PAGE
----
It appears to be a grey area and does not appear to have an explicit definition aside from religion in many jurisdictions. Even those jurisdictions that discuss a broader definition, seem to shy away from actually doing so. Note that this is only a cursory search and experts in various jurisdictions may come up with more detailed results.
This case seems to mean that it is a formal declaration of a recognized religion.
Creed Legal Definition
The word creed imports a formal declaration of religious belief. The
word has no reference to benevolent, philanthropic or fraternal
organizations, secret or otherwise, even though of a moral character.
[Hammer v. State, 173 Ind. 199 (Ind. 1909)].
Says that it appears to be based on religion, but shows that (in Tennessee at least) there is no specific case law on the matter.
Since the law has not yet established what “creed” means, as far as
prohibiting employment discrimination on that basis, employers have
little guidance in this area. If an employee presents a non-religious
but sincerely held belief, will that be enough to be considered a
“creed” by the courts? With only a gut feeling to go by, we think it
likely that Tennessee courts will lean toward the view that “creed”
and “religion” are synonymous terms; thus, veganism, for example,
since it does not constitute a religious belief, would not be a
protected group under the THRA. However, to play it safe, employers
should refrain from passing judgment or making derogatory comments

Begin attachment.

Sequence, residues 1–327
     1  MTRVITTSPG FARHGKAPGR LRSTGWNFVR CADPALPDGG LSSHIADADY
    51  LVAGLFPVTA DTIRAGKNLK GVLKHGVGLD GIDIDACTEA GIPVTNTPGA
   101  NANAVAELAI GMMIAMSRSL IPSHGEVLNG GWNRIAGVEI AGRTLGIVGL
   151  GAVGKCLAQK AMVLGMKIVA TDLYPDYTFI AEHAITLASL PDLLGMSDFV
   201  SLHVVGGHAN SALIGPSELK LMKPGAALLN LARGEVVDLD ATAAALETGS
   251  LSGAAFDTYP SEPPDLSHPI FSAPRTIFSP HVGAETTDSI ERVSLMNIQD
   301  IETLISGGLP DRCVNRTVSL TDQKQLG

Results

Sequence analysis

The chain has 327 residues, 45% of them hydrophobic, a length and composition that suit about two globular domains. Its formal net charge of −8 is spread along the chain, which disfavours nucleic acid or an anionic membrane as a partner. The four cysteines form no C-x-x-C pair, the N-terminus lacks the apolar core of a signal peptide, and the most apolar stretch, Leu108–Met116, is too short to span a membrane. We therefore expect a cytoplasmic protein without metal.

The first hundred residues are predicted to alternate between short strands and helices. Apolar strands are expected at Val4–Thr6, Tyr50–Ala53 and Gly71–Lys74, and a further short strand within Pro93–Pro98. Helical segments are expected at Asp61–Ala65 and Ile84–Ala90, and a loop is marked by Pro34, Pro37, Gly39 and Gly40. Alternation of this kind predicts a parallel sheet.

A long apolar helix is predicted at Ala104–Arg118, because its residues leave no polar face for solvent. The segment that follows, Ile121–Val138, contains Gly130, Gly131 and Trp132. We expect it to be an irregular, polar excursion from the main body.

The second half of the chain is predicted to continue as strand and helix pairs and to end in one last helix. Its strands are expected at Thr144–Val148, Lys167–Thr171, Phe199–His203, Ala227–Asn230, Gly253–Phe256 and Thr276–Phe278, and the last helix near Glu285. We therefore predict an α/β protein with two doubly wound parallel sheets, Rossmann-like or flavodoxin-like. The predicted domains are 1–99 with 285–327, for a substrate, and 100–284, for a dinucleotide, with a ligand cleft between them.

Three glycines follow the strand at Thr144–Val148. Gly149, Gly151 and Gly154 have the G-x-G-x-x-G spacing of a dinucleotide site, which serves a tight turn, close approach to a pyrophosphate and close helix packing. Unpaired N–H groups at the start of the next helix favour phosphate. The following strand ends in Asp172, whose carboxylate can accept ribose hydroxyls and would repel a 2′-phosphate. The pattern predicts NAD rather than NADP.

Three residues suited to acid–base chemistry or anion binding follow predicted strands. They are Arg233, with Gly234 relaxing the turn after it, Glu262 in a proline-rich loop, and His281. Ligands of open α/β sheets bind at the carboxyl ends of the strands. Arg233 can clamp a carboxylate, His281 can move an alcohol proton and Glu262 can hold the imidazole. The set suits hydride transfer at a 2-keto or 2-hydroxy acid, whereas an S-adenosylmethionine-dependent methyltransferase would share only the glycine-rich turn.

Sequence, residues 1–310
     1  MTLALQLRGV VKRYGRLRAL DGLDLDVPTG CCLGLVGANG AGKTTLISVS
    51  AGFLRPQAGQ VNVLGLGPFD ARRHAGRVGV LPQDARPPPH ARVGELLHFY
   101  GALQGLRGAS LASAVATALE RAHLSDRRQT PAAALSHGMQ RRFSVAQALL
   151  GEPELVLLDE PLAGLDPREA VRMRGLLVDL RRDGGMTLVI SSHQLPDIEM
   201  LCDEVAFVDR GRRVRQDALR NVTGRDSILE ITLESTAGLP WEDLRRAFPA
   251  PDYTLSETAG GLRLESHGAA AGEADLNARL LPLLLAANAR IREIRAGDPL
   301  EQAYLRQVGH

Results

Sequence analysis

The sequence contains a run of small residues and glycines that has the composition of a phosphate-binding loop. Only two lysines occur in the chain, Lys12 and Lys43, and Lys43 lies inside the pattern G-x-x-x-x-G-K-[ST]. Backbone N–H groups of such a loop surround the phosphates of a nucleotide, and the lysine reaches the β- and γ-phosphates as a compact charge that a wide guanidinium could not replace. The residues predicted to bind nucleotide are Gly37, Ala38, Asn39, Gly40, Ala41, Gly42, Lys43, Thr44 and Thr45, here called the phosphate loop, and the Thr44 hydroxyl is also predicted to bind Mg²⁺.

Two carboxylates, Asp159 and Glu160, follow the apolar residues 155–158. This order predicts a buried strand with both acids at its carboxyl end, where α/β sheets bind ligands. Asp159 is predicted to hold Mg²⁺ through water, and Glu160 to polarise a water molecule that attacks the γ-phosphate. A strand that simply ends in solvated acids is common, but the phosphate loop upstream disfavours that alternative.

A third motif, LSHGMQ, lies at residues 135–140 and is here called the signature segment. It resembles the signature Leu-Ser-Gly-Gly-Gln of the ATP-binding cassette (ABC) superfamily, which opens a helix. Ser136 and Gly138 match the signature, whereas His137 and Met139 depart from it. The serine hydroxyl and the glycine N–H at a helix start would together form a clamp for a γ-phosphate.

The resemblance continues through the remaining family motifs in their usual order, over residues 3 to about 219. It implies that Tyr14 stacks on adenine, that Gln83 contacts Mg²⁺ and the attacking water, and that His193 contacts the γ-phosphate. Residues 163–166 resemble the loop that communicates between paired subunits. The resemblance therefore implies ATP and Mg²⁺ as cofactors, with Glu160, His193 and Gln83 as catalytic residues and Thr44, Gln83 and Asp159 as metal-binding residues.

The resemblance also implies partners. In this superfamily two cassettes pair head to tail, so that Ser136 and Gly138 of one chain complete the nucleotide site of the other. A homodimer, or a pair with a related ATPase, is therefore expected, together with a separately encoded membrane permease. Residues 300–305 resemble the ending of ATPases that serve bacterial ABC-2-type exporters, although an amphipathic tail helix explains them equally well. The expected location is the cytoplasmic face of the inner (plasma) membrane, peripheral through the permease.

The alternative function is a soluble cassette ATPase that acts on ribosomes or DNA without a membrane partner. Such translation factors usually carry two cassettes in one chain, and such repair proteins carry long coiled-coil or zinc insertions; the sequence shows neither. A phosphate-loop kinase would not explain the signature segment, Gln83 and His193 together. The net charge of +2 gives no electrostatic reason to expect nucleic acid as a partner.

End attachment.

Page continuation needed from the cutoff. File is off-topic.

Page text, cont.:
regarding an employee’s expressed beliefs.
The hard part will come when an employer is faced with a situation
that may appear he is terminating an employee due to his creed.
Sooner or later, the courts will be ruling in such cases. While we
tend to think that Tennessee will decide that creed equals religion
(for THRA purposes), the last time we checked, the courts were not
giving us a vote on the question. So, employers, proceed with care!
Ontario Human Rights Commission
Various other cases have left open the possibility that non-religious
belief may constitute a creed under the Code (as discussed below).
Overall, the courts appear to be reluctant to offer any final,
authoritative, definitive or closed definition of creed, preferring a
more organic, analogical (“if it looks like a duck, walks like a duck
and quacks like a duck, it must be a duck”) case-by-case
assessment. This has yielded a variety of results. Courts and
tribunals have recognized a wide variety of subjectively defined
religious and spiritual beliefs within the meaning of creed under the
Code and religion under the Charter, including:
Aboriginal spiritual practices,
Practitioners of Falun Gong
Members of the Worldwide Church of God
Rocky Mountain Mystery School.
There is nothing in the case law that would prohibit redefining
“creed” more broadly and include secular ethical and moral beliefs.
Therefore, the question of what should constitute a creed in terms of
the right to be free from discrimination under the Ontario Code – in
particular with respect to secular, moral or ethical beliefs – remains
an open one. In fact, this is a central question being considered in
the current creed policy update. At the same time, the courts have
offered some guidelines around the outer limits of what they will
recognize as meriting protection under the Code ground of creed (as